JANUARY 13, 2010
I think it should be a rule that if your movie shares a name with an Iron Maiden song, then that song should be played over the opening and end credits, and maybe during a few other scenes at random for good measure. Especially in a movie like Fear Of The Dark, where nothing much is happening and you know for sure that the only two people in the movie won’t ever actually get hurt. A little Maiden goes a long way.
Anyway, the movie isn’t all that bad, but I had to keep reminding myself that it was intended for children. I’m sure if I was 12, when I was more susceptible to fear (and not knowing what the word “susceptible” meant), I would have been pretty scared and telling my friends at school how awesome it was. But now that I’m damn near 30, I had to settle for merely admiring certain aspects of it, giving it the benefit of the doubt for its cheesy ending, and promptly forgetting everything about it as soon as it ended.
One admirable aspect is the acting. Both Jesse James and Kevin Zegers have impressed me in other films, and they do so here. Even with the thin plot and occasionally awkward writing (James and his mom have a relationship that borders on flirtatious), they create real characters, so that by the 3rd act, when the 16-ish Zegers is hiding under the sheets with his brother because he’s afraid of the monsters in the closet, you actually believe that he’s scared, and like him enough to almost hope that the filmmakers never grow a pair and actually hurt/kill him.
And even with the thin plot and the fact that the whole movie takes place in a not-very big house, it feels shorter than it is. It gets a bit repetitious at times (lot of “why did that light go out?” “OK I’ll check it out.... (2 min later) It was nothing!” type stuff), but I was never really bored, and was surprised to see that 50 minutes had gone by when I thought it was more like 30. In fact, it reminds me of the movie Clownhouse, except without the actual threat of murdering clowns. In fact, Clownhouse itself only “works” on me as an adult due to the horrible backstory causing the creepiness; the actual movie, I now realize, is just as repetitive and back-loaded as this one.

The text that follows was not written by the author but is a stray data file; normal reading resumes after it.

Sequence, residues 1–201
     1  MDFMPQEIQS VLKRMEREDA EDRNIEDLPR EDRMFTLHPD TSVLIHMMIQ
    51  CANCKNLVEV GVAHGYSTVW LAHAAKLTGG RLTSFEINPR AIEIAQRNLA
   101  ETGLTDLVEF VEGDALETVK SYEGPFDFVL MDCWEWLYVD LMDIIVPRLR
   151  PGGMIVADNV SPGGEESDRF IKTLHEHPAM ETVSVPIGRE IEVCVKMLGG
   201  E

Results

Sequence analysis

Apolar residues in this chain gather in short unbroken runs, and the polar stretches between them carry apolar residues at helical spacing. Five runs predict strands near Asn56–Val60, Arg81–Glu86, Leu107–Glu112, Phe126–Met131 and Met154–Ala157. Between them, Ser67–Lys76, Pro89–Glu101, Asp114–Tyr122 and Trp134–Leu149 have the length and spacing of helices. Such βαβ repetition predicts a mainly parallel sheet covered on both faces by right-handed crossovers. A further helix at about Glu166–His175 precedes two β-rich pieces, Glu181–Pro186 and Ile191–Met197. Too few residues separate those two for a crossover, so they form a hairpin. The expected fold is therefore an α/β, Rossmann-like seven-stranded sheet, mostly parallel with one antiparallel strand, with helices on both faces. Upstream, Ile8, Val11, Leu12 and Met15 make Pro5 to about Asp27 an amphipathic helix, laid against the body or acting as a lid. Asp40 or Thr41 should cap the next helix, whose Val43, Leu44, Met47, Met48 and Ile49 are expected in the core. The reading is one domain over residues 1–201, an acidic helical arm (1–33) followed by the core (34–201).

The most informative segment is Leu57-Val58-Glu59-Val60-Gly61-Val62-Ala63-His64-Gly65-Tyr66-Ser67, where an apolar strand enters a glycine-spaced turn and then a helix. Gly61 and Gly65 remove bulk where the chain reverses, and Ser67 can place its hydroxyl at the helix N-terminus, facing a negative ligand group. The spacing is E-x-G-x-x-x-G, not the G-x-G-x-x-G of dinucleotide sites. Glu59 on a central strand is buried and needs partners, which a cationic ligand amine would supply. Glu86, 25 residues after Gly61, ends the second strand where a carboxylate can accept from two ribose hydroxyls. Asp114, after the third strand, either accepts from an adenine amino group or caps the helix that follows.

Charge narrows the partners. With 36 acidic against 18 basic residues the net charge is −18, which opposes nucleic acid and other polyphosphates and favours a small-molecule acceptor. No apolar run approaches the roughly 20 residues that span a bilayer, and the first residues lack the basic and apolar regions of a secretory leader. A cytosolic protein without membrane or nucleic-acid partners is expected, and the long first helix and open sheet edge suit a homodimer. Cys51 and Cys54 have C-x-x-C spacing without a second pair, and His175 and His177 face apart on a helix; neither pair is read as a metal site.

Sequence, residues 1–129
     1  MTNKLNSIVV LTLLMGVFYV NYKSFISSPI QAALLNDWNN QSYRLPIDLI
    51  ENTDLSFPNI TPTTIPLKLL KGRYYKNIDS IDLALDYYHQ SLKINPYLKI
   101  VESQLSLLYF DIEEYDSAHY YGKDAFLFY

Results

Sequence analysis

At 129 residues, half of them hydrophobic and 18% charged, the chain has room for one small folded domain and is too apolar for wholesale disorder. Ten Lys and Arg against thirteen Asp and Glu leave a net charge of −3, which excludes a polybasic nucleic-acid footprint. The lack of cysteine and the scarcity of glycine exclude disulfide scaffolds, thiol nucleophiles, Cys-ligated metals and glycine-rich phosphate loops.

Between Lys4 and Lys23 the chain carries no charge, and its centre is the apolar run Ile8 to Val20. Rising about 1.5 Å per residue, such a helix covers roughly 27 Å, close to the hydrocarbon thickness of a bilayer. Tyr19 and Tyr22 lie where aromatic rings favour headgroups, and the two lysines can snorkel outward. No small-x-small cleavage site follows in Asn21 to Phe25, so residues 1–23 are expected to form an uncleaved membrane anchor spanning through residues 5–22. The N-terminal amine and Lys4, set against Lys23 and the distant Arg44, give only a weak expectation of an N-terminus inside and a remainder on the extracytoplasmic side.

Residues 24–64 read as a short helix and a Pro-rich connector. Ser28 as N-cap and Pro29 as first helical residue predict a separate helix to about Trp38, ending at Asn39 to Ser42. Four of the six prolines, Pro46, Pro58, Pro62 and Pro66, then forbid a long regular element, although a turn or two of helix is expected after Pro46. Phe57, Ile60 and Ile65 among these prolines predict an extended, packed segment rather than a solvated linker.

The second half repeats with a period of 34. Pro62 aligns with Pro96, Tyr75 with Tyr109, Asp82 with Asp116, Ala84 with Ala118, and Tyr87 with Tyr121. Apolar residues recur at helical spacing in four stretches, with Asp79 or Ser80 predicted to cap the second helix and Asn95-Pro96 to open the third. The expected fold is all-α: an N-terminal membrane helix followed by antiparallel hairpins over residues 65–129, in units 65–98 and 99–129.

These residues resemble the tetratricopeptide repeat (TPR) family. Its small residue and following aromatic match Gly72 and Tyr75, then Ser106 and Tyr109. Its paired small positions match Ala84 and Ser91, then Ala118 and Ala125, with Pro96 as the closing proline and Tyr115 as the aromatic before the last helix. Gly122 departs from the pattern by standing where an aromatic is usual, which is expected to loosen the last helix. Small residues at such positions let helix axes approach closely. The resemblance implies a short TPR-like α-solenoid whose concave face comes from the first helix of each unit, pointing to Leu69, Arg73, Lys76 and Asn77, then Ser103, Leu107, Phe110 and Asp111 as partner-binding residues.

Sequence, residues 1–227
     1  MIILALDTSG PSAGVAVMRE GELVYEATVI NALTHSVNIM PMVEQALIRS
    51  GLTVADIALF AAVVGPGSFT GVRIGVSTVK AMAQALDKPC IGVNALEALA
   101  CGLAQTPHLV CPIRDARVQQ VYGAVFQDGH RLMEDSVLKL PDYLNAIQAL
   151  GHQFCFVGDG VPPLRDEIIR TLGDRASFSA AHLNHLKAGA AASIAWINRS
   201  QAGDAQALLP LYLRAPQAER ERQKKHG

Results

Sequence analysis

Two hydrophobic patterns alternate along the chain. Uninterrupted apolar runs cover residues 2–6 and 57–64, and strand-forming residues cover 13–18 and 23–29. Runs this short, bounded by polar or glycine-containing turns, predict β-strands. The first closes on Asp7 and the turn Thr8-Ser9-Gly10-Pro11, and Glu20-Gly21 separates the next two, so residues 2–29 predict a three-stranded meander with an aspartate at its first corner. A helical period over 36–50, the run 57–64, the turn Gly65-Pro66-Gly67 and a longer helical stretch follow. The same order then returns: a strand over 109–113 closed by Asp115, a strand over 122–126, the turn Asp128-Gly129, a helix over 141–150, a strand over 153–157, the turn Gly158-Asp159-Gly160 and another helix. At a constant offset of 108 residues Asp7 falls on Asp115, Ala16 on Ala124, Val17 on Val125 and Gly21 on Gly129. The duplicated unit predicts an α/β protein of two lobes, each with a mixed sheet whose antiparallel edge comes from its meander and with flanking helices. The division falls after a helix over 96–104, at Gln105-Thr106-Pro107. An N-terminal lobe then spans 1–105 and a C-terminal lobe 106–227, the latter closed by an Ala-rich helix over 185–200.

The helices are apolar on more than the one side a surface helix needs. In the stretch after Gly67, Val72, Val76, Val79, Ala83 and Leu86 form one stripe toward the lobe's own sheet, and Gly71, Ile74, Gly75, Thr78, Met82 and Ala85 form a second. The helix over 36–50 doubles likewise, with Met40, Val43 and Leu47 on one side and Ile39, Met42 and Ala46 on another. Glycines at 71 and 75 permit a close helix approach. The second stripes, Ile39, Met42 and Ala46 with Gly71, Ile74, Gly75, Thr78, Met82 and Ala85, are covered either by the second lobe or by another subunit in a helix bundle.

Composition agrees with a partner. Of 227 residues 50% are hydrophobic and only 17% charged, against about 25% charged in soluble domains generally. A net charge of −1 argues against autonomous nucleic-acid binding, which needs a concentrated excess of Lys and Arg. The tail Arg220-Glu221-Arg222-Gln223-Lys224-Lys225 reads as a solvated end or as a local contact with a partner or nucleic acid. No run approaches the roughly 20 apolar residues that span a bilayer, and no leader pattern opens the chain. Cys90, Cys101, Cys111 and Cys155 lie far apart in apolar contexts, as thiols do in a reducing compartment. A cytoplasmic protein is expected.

By back-loaded, I mean yes, there are actual monsters in this movie, oddly enough. I legit thought it was all building toward an “it’s all in his head” (or worse, a dream) thing, but nope. For whatever reason, his house is being plagued by some legit monsters that can be killed with the light (this movie pre-dates Darkness Falls, for what it’s worth). I just wish that they did more, and did it sooner. It’s almost built like a surprise for the ending that there IS indeed something to be afraid of in this movie. You look at a movie like Halloween, where it’s similarly playing on childhood fears (the boogeyman) but there it was never any question that there was a real threat. I think the reveal should have been moved up and allowed for a more exciting third act.
I also think one of the monsters should have gone RRAAAAAAAARGHHHH! and beheaded the annoying girlfriend character who shows up in the second half. She’s played by that one non-superhero girl from Birds Of Prey (if you remember that show), and her appearance slows the movie down considerably. I figured she was fodder, so I was willing to accept the diversion. But sadly, she survives, so that’s some major BS right there.
Mostly though, I just like the idea that they made a horror movie for kids and more or less deliver the message that there ARE monsters in the closet and under the bed. Enjoy the added therapy bills, parents!
What say you?